UVU: President Astrid Tuminez uses half marathon to mentor and teach lessons
Kennedy Evans, UVU Marketing
OREM — Those who spend any time with Utah Valley University President Astrid S. Tuminez know that she always carves time out to run. Running grounds her when dealing with the stresses of being president of UVU, and she often uses it as a metaphor to teach students that it takes commitment, grit and determination to achieve anything worthwhile.
On June 11, at 6:10 a.m., Tuminez put her training into action by running the 2022 “Drop13 Big Cottonwood Canyon” half marathon — but she did not face the 13.1 miles alone. She was joined by her new presidential intern, UVU senior Isaac Smith, who considers running as one of his most cherished hobbies.
“This was my 9th or 10th half marathon,” Tuminez said. “I was somewhat intimidated by the thought of running with a fast, young intern, but one of the advantages of age is that you can tell someone younger to ‘run slow’ and ‘don’t chat too much while we’re running.’ My intern, Isaac Smith, proved to be a great running companion — he paced me, encouraged me and made me feel that I had a team!”
Since running is a time of reflection for both Tuminez and Smith, most of their chatting took place in the 3:30 a.m. car ride from Provo to Big Cottonwood Canyon, the 4:30 a.m. shuttle bus from the mouth of the canyon to Solitude Ski Resort and the 5 a.m. window to stretch and wait until the race started, Smith said, but through the whole experience the two had a unique opportunity to bond as mentor and mentee.
“I think having that bonding time with President Tuminez while running was a great experience,” Smith said. “I hope I can carry that on for the rest of my career with different mentors or managers, too.”
Kennedy Evans, UVU Marketing
Tuminez and Smith reached the finish line at 8:24 a.m. after 2 hours and 14 minutes of running, making their average mile time 10:14. Shortly thereafter, they greeted family and members from the UVU cheer and wrestling teams who showed up to cheer them on.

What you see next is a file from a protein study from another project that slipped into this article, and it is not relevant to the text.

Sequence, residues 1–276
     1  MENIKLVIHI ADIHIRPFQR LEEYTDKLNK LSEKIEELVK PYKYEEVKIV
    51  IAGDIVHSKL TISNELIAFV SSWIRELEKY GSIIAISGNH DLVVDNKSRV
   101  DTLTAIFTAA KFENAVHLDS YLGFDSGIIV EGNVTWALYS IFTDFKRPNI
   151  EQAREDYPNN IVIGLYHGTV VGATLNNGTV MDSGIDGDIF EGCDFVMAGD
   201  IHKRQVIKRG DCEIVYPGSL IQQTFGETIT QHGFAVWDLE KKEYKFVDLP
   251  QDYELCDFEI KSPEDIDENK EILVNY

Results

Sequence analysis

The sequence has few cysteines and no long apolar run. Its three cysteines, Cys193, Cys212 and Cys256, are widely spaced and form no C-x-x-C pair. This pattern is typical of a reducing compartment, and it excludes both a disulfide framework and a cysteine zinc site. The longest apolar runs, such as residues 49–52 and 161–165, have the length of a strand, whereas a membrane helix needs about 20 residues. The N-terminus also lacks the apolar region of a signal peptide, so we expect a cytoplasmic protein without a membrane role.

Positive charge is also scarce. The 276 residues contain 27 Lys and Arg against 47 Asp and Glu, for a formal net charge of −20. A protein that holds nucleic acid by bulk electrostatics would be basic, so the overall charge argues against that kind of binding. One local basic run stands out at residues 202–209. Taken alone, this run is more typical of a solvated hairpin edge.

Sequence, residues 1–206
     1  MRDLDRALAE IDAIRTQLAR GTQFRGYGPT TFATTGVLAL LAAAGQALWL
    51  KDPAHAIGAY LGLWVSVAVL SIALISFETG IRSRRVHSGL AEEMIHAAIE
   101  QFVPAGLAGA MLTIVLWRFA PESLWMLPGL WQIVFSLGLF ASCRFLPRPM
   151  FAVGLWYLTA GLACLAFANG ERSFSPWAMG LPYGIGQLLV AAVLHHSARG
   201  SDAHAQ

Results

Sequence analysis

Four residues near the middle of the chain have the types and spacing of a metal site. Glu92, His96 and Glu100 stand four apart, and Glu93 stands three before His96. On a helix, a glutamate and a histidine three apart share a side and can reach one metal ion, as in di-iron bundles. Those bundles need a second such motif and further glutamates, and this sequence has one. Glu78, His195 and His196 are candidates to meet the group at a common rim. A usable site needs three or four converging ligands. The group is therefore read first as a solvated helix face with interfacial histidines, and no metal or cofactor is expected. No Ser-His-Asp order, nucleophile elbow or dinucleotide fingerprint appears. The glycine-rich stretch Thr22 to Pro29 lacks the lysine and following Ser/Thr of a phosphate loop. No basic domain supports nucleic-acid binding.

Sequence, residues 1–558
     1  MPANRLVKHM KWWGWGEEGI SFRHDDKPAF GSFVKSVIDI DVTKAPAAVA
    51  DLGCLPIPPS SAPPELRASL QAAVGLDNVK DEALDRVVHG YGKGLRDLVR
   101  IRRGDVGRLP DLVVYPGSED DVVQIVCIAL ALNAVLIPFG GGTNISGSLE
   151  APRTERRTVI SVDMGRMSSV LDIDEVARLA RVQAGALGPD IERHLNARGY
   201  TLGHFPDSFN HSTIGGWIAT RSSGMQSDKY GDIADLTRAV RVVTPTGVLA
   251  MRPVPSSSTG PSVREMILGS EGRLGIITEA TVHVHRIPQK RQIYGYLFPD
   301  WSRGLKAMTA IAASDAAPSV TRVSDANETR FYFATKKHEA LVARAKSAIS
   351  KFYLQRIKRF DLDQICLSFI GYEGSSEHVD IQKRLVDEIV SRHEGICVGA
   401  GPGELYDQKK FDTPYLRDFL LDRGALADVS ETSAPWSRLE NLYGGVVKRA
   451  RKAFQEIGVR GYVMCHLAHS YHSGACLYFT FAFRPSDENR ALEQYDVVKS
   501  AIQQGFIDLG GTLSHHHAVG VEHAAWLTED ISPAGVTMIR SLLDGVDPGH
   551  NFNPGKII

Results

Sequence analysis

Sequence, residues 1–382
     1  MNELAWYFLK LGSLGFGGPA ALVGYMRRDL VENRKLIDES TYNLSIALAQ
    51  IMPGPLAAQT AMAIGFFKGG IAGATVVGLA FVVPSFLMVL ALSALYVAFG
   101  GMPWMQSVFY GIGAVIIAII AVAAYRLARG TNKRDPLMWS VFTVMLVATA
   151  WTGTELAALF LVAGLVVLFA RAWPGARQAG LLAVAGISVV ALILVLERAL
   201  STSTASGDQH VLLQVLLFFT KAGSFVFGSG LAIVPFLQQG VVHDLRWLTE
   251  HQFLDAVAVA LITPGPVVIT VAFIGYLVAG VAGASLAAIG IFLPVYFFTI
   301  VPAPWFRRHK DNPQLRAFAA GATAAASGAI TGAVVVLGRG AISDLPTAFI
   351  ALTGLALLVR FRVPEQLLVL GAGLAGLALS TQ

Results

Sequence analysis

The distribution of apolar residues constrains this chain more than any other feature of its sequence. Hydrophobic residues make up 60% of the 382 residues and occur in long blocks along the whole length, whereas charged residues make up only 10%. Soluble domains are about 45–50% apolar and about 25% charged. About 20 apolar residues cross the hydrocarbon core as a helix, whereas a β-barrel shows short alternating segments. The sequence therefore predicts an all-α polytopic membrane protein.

“It’s inspiring to see her do stuff like this,” Smith said of Tuminez, “and [to see] how she interacted with the wrestling team or the cheer team that came to cheer her on, and even her family. It’s cool to see how big of an impact she has on UVU, the students, and the community around her.”
Smith, having started his internship just last month, is grateful for the opportunity to be in his current position. Before coming to UVU to study information systems, he spent time at two different universities — including a research-heavy university in South Korea — but he was drawn to the hands-on, experiential learning aspect of UVU. He started at the university back in 2015.
He sees himself perhaps becoming a product manager in a tech company, pursuing master’s and doctoral degrees later, and teaching at the university level when he nears or reaches retirement. But after the first month of his internship with Tuminez? Smith’s eyes have been opened to many more opportunities.
UVU’s Presidential Internship Program is housed in the Office of the President and gives ambitious students the opportunity to collaborate with UVU’s executive leadership team. Each intern works directly with a member of UVU’s cabinet to assist them in creating and carrying out high-impact projects that benefit the university.
“The internship program is a terrific example of engaged learning — of helping students get their hands dirty, exposing them to the opportunities and challenges of leadership, and drawing them deeper into the culture and ambitions of UVU,” Tuminez said. “I have high expectations of our presidential interns, now and in the future.”
To learn more about the UVU Presidential Internship Program, visit their website. Follow President Tuminez on Instagram to receive her regular updates.